The business these ex-Gestapo henchmen taught Mengistu was the need for a memorable terror to bring all Ethiopians into his iron grip. “Mengistu searched his heart for the most terrible thing he could do to bring his people through fear to the truth of Marxism-Leninism, and he thought of burial. Ethiopians hold burial to be one of the most important rites of life. To die unburied, to be forgotten in death, is so awful that even today those who whisper to you their memories of the Terror can hardly bring themselves to speak of this part of it…. [Mengistu] ordered that the bodies of the slain should lie unburied, and that those who tried to take them for burial were themselves to be slaughtered. One morning, the people of Addis woke to streets filled with corpses and a sky dark with vultures.” Later, “the lampposts were strung with corpses, not of men, but of young school boys who had tried and failed to rescue their fathers’ and brothers’ bodies for burial. . . . When it was over, of the 5,000 students at the University of Addis Ababa, only 1,500 were still alive.”

That excerpt exposes the minds of men who would, among other things, padlock food warehouses for days and weeks, refusing to give relief workers access to the tools of their trade; who would refuse hospital admission to obviously sick and dying children whose parents lacked the proper papers from the local farmers’ association, papers that took five days or longer to obtain; who would ship truckloads of grain from the famine-stricken north of the country to the healthier and more fertile south, where it was stored for unknown reasons -- perhaps for later shipment to the masters in Moscow. These are men who forbid the sale of yeast to Ethiopian citizens in order to secure a government monopoly on the baking and selling of bread.

Harris spares nearly no one from his understated but strongly felt wrath. The Red Cross and other relief agencies get criticism for trying too hard to work with and please the government -- a government that wants to keep the Red Cross from doing its job. At one point, he tries to explain this to his superiors:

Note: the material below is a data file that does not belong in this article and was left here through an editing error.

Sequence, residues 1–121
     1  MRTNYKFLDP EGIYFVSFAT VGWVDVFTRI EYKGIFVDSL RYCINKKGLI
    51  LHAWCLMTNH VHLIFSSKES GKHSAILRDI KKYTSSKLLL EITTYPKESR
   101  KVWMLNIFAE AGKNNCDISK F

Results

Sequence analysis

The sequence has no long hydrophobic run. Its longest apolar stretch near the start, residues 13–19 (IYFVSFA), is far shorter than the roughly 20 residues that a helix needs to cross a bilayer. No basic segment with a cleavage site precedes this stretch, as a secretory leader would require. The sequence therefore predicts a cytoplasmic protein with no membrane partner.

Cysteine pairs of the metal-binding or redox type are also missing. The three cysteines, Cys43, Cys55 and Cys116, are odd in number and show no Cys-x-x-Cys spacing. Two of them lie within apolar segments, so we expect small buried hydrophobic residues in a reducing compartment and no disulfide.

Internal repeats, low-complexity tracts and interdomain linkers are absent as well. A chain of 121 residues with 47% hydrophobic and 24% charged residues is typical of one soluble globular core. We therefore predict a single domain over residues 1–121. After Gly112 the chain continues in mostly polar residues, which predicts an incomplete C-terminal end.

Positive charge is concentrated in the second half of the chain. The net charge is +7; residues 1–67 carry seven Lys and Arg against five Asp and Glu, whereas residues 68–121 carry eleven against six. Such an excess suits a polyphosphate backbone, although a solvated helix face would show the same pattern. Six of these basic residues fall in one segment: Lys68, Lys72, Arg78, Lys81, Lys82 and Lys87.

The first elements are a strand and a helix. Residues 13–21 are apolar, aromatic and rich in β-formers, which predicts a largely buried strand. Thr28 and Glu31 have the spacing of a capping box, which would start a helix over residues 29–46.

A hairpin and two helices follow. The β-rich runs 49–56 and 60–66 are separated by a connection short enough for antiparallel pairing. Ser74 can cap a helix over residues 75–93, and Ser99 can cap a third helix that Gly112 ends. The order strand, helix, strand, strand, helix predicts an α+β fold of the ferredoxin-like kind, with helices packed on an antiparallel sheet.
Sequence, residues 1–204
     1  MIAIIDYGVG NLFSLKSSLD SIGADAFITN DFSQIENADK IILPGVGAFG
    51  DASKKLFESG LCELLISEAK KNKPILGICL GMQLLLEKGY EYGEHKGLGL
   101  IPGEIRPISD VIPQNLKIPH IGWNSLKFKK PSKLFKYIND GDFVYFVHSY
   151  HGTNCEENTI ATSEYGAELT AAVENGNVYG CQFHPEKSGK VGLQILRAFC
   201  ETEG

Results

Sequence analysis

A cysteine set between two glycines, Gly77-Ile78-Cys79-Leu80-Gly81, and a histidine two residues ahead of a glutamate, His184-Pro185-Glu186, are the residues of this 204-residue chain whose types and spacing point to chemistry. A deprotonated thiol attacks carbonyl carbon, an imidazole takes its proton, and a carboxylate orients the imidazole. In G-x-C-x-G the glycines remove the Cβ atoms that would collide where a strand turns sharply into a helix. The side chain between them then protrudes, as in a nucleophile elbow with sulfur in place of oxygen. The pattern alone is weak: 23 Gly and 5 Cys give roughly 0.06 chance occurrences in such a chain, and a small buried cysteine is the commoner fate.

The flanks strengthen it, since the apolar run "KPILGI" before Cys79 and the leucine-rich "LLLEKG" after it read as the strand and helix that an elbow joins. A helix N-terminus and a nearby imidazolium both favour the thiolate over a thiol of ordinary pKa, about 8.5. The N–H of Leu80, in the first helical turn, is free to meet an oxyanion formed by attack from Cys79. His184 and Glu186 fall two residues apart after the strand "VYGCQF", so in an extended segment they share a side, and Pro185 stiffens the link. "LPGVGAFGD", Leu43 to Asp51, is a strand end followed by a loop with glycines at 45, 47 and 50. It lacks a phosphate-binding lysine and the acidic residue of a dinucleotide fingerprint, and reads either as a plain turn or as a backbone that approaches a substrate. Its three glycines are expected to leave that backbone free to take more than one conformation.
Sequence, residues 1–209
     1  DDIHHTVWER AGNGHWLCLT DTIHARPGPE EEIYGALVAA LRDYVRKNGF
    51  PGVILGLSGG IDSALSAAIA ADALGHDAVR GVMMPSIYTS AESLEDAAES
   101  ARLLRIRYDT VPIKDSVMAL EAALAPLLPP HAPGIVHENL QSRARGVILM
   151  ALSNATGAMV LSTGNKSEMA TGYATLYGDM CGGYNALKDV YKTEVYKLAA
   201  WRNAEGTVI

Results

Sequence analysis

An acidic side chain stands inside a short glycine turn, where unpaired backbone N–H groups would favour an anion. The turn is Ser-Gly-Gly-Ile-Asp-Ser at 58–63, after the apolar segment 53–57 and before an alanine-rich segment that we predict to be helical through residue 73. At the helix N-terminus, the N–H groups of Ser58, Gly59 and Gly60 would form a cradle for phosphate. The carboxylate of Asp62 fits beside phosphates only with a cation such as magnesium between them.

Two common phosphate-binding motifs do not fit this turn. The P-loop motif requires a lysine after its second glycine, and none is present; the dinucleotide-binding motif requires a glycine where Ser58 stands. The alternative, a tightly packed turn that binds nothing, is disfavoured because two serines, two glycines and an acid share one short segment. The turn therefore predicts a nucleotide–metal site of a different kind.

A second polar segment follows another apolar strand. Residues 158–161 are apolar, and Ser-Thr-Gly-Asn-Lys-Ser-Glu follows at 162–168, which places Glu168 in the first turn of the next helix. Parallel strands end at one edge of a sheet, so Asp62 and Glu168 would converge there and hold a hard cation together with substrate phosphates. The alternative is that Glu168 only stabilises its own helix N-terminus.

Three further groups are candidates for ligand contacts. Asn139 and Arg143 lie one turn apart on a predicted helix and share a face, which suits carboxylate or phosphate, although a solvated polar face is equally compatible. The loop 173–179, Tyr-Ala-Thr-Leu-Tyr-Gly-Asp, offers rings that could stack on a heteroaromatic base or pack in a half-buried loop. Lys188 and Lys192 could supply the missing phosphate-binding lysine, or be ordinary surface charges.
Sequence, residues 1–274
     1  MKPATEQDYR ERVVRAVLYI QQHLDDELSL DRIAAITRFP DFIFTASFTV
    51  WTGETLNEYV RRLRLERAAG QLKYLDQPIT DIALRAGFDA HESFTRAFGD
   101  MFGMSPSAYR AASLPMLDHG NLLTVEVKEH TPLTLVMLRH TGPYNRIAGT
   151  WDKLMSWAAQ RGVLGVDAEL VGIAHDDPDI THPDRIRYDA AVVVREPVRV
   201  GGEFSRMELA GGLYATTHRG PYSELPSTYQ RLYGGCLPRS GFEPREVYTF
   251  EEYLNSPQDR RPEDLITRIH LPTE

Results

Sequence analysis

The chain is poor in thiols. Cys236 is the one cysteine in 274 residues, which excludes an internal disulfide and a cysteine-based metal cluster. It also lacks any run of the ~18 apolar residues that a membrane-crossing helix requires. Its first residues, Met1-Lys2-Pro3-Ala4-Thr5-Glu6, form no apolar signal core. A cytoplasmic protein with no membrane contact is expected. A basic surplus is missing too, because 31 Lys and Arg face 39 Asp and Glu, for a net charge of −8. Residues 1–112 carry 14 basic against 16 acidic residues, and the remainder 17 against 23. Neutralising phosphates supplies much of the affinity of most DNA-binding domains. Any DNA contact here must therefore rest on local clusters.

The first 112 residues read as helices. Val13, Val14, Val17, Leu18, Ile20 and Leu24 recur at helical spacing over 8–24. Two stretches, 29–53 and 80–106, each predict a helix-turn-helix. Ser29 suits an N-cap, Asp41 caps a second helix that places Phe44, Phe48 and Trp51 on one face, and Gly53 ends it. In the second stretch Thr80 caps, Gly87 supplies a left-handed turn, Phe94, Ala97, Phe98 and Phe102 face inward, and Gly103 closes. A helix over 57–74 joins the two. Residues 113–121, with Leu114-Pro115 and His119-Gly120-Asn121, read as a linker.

“We had done exactly what we had been instructed to do by Geneva: emptied the camps of all except the very ill and returned the rest of the people to their villages.

“But each success would have found little favor with the Ethiopians. Suddenly, they had been washed into the center of a disaster worse than the First World War.

Confused and frightened, their only remedy -- huge feeding programs -- seemed the only rock to cling to. Then we came along and tried to close down their camps. Closing down their operation implied their failure, and, as in most aid programs, threatened bureaucratic livelihoods. Famine camps meant foreign aid, foreign aid meant jobs.”

Hitler, Stalin and Mao share one positive characteristic — they are all dead. But Mengistu and the communists who rule Ethiopia with him are alive and dripping with the blood of their countrymen. Why, then, do Western governments, the United Nations and Bob Geldof’s Band-Aid continue to send them money that perpetuates their tyranny?

Richard Sincere, a Washington writer, is currently pursuing post-graduate studies in international relations at the London School of Economics.

1 comment:

Blogger said...

Did you know that you can earn money by locking selected pages of your blog or site?
All you need to do is open an account with AdscendMedia and run their Content Locking tool.